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How to Hone a Knife with a Stone: A Quick Guide

How to Hone a Knife with a Stone: A Quick Guide

There is nothing more frustrating than having all the ingredients picked out for a gourmet dinner, the counters cleaned for preparation, pulling your knife out of the block—and discovering that it does more squashing than slicing. If you do not know how to sharpen your kitchen knives with a whetstone, it may be tempting to throw your knives in the trash and purchase a new set.

Honing your knife with a stone involves a series of steps that include choosing the appropriate stone, preparing the stone for use, and running the blade's edge along the stone’s surface.

With experience, honing a knife can become an art, with many sharpened blades more effective than those that are brand new. However, without following the proper steps, attempts to hone your knife can actually cause more harm than good, so do not try sharpening your favorite kitchen knives until you have developed some skill and are confident in your abilities.

How to Hone a Knife with a Stone

Many excellent online tutorials can provide video instructions on how to hone a knife, choose the correct stone, prepare the stone for use, and run the blade along the stone’s edge to get the desired finish.

We’ve included these detailed steps below to help you through the process.

Test Your Knives for Dullness

While the image of throwing a tomato in the air and slicing it five times before it reaches the counter may be possible only in cartoons in tailored infomercials, a good, sharp kitchen knife should definitely be able to pass through food with little resistance.

Therefore, before breaking out the whetstone, be sure to test your knife on a piece of fruit. A tomato is ideal, as its thin outer membrane will pose little challenge for a sharp knife but will provide a troublesome barrier for a knife that has lost its edge.

When testing your knife, ask yourself the following questions:

  • Do I have to apply a lot of force to get through the piece of fruit?
  • Does the knife pass right through the fruit, or do I have to saw back and forth?
  • Does the fruit lose its shape because of me having to press down too hard?
  • Are the slices uneven, signaling that the blade is trying to follow the path of least resistance through the piece of fruit?

The more strongly you can answer in the affirmative to these questions, the duller your blade is. Knowing your blade's dullness is important because it will influence the level of grit required on your whetstone to get it sharp again.

If you do not have a piece of fruit available for testing purposes, the following tips may help you determine whether your knife needs to be honed:

  • Gently tap the blade on the back of your thumbnail. If it catches, you have a good edge on your blade; if it slides off, then the knife is dull.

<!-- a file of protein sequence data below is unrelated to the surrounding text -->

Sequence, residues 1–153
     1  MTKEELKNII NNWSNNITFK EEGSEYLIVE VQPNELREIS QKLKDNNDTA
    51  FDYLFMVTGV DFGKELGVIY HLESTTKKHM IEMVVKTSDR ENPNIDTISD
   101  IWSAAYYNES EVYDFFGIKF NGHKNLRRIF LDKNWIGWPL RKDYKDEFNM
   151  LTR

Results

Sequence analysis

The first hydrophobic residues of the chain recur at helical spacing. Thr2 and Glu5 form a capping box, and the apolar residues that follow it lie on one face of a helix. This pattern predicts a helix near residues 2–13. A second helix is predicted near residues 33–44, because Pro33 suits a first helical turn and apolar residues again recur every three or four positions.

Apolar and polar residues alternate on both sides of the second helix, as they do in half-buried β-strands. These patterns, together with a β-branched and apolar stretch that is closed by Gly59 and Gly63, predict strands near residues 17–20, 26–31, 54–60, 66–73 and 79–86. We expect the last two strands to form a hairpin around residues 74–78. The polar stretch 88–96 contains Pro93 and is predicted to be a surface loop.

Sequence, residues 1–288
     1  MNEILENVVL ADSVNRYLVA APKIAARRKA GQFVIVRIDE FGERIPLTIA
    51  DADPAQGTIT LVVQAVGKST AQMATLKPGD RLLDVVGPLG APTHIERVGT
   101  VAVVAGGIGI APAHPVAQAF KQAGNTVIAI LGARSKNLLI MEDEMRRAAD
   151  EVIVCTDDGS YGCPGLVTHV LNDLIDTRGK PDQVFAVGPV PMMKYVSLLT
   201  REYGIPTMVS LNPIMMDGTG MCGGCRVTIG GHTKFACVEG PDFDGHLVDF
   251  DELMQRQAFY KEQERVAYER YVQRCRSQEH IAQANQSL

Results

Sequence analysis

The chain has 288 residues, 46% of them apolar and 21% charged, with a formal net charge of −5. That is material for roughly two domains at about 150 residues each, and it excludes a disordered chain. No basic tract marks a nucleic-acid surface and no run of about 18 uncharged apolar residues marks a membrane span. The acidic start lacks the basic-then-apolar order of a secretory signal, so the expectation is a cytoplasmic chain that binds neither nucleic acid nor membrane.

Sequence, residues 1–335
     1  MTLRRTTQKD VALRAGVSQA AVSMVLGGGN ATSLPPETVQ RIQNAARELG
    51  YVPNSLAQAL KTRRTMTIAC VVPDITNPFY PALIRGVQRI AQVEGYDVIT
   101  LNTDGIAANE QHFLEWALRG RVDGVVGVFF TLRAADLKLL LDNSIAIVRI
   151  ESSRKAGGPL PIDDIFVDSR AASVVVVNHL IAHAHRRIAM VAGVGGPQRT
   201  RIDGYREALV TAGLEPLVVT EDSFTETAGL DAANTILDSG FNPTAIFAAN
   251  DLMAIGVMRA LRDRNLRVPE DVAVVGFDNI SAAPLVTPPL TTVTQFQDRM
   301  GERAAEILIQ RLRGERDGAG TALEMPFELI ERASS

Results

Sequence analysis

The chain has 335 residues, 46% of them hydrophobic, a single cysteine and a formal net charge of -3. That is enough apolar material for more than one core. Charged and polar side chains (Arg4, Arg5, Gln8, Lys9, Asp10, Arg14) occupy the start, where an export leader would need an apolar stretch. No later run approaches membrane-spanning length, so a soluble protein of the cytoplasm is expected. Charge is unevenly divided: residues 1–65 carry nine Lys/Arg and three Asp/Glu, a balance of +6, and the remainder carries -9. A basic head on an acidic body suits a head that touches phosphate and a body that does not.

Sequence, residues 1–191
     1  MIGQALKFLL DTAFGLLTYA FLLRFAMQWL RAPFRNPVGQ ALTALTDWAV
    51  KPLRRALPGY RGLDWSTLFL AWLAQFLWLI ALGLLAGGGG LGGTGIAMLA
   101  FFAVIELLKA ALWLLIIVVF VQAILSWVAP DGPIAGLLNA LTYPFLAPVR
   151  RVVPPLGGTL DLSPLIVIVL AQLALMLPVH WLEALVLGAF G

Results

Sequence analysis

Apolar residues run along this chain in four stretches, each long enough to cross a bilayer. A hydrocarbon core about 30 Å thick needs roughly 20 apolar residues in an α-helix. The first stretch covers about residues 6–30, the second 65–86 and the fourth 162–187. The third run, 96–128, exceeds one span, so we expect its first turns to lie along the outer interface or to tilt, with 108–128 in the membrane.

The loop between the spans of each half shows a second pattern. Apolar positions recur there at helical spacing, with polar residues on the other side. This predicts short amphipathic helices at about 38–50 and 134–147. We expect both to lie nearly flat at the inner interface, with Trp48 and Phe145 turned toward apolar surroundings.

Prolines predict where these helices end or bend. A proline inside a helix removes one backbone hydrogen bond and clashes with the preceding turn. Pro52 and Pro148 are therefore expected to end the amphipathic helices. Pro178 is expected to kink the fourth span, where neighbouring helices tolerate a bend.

• Think about how you use your knives. If you regularly put them to the test, then they will periodically need to be honed to maintain their edge.
  • Think about whether your knife has experienced any trauma recently. Having the blade strike up against another hard piece of metal or clambering in the dishwasher can cause some blades to lose their edge quickly.

Choose the Type of Stone You Want to Use

There are many types of whetstones, both natural and synthetic, that can help you sharpen your kitchen knife. There is no right or wrong answer to which style of stone you should choose, but each type will come with certain strengths and weaknesses.

The following breakdown looks at the pros and cons of popular styles of whetstones:

  • Wet Stone - This is the softest style of whetstone. It is made of either natural or synthetic materials and must be soaked in water before use. The softer surface offers more give during the sharpening process, which allows for faster honing times but also causes the stone to wear out more quickly.
  • Oil Stone - This style of whetstone must be coated with oil before use. Besides being less expensive than wet stones, this style has a harder surface that will last longer. However, sharpening times are extended, and working with and cleaning up the oil can be a messy process.
  • Diamond Stone - This is the most expensive and longest-lasting stone style, as it is actually a series of diamonds set into a metal surface. This stone style can be used dry and is arguably the best option available if you have the budget for it.

If you are a casual user of knives at home, you will likely use either an oil stone or a wet stone. If you use them with great frequency or operate an industrial kitchen, an investment in a diamond stone may be worthwhile.

Select the Stone’s Grit Level

Within the overarching styles listed above, stones will be further classified based on their grit, such as coarse, medium, or fine. It is not uncommon for casual knife users to see a stone with a coarse grit level on one side and a fine grit level on the opposite side.

A general rule is that very dull knives should be honed with a coarse stone first and finished with a fine stone. If your knives have been recently sharpened and are still in decent shape, you can skip the coarse stone and simply finish the edge with a medium or fine grit level.

If you are completely new to choosing grit levels for a stone, the following breakdown will help you while you are making your selection:

  • Coarse Stones - These are used on extremely dull and damaged knives. They can get rid of any chips and knicks on a blade and should not be used for routine sharpening due to their abrasiveness. These stones will have a grit grade level of less than 1,000.
  • Medium Stones - These stones will have a grit grade level between 1,000 and 3,000. They are used for the general sharpening of dull knives. It is best to avoid grade levels below 2,000 for sharpening, as they can quickly wear through your knife.
  • Fine Stones (Finishing Stones) - These will have a grade level between 4,000 and 8,000. Any grit levels closer to 8,000 will be for extremely fine finishing. Knives used primarily for cutting meat should have a finish of around 6,000, while fruit and vegetable knives function best closer to 8,000.

Prepare the Stone for Use

After determining your knife's dullness and selecting a style and grit of sharpening stone, it is important to read the user’s manual accompanying the product before proceeding, especially if you plan to use a wet or oil stone. With such a wide variety of stone possibilities, using your stone with the incorrect oil or not soaking it in water long enough can damage your materials, causing knicks and scratches to the knife or stone.

  • Preparing Wet Stones - If using a wet stone, it should be completely submerged in water and allowed to soak for at least 45 minutes.